How the women owned business Republic Restoratives pivoted amid the ongoing pandemic

Hi, I’m Sarah Mosbacher, the CFO of Republic Restoratives Distillery in Ivy City.  We opened our doors in the spring of 2016 and our portfolio includes Civic Vodka, Borough Bourbon, Chapmans Apple Brandy, and Purpose Rye.  

Prior to COVID we manufactured these spirits and were also actively distilling our own estate bourbon, currently aging in barrels.  We distributed these products ourselves to bars, restaurants, and bottle shops and were in the process of a strategic multi-state expansion, all supported by a growing sales team.  The front of our facility housed a beautiful bar that was open to the public Thursday through Sunday except for when we closed for private events, including weddings.  On the weekends we offered educational tours of our facility and guests were welcome to purchase our bottled product right at the bar.  Outside of the building we had a staff of brand ambassadors that did tastings at liquor stores and other events.

Today things are different.  

For us, and for many DC businesses, we mark Sunday, March 15th as our last day of pre-COVID business.  In the following days we went on to lay off our bar staff, our tour guides, our brand ambassadors, and our out-of-state sales managers.  We postponed or cancelled private events, closed our facility to the public, paused bourbon production to save on utilities, and cut as many expenses as we could.  The core of our business (events and wholesale) was immediately shut off and we needed to prepare for a long period without revenue.

The prior week, in anticipation of what was to come, we developed a plan to start two new lines of business: hand sanitizer production and direct-to-consumer deliveries.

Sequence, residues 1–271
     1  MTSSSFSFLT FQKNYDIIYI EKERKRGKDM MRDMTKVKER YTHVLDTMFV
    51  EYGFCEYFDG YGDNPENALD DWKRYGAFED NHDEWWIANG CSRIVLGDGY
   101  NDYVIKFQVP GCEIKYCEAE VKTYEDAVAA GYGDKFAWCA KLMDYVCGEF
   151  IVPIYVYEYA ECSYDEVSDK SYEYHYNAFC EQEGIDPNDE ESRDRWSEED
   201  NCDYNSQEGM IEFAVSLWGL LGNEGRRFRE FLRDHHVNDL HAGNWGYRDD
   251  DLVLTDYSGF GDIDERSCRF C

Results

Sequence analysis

The hand sanitizer was pretty simple science and we’d already heard of some other distilleries doing the same.  The World Health Organization released a recipe for hand sanitizer with just three ingredients: One of those ingredients is high-proof alcohol, the most highly regulated and hardest to obtain, so we were well-positioned to start production immediately.  We provided hand sanitizer to a number of businesses and organizations but our biggest contract was with the DC government to whom we delivered 11 thousand gallons of hand sanitizer over the course of three months.

The second new line of business we launched, direct-to-consumer delivery, wasn’t quite as wild of a departure.  We’ve always been permitted to sell direct-to-consumer, which we did at our bar, but the operational set up to provide home delivery was more hassle than it was worth in a pre-COVID world and we didn’t think consumers would be willing to pay the price point needed to cover the expense.  Now, however, our beautiful bar is the staging area for a successful delivery operation.  In the past six months we’ve made over 3,500 home deliveries and done over 2,000 curbside pickups.  

These two lines of business may not carry us into the future but they served us well for a period of time that we needed them most.  The Purells of the world are back meeting hand sanitizer demand, and an increasing number of our home delivery customers are returning to bars and restaurants and liquor stores.  We were also fortunate enough to receive a DC Small Business Grant and a PPP loan from the SBA but those too have come and gone now.

Our business is forever changed by the events of this year.  Some of the skilled staff we lost we may never get back; some of the lines of business we paused may be too expensive to restart; the growth trajectory we were counting on at this stage of our company may be forever stunted.  

All that said:  We’re still here.  Not everyone is and for that we’re grateful.


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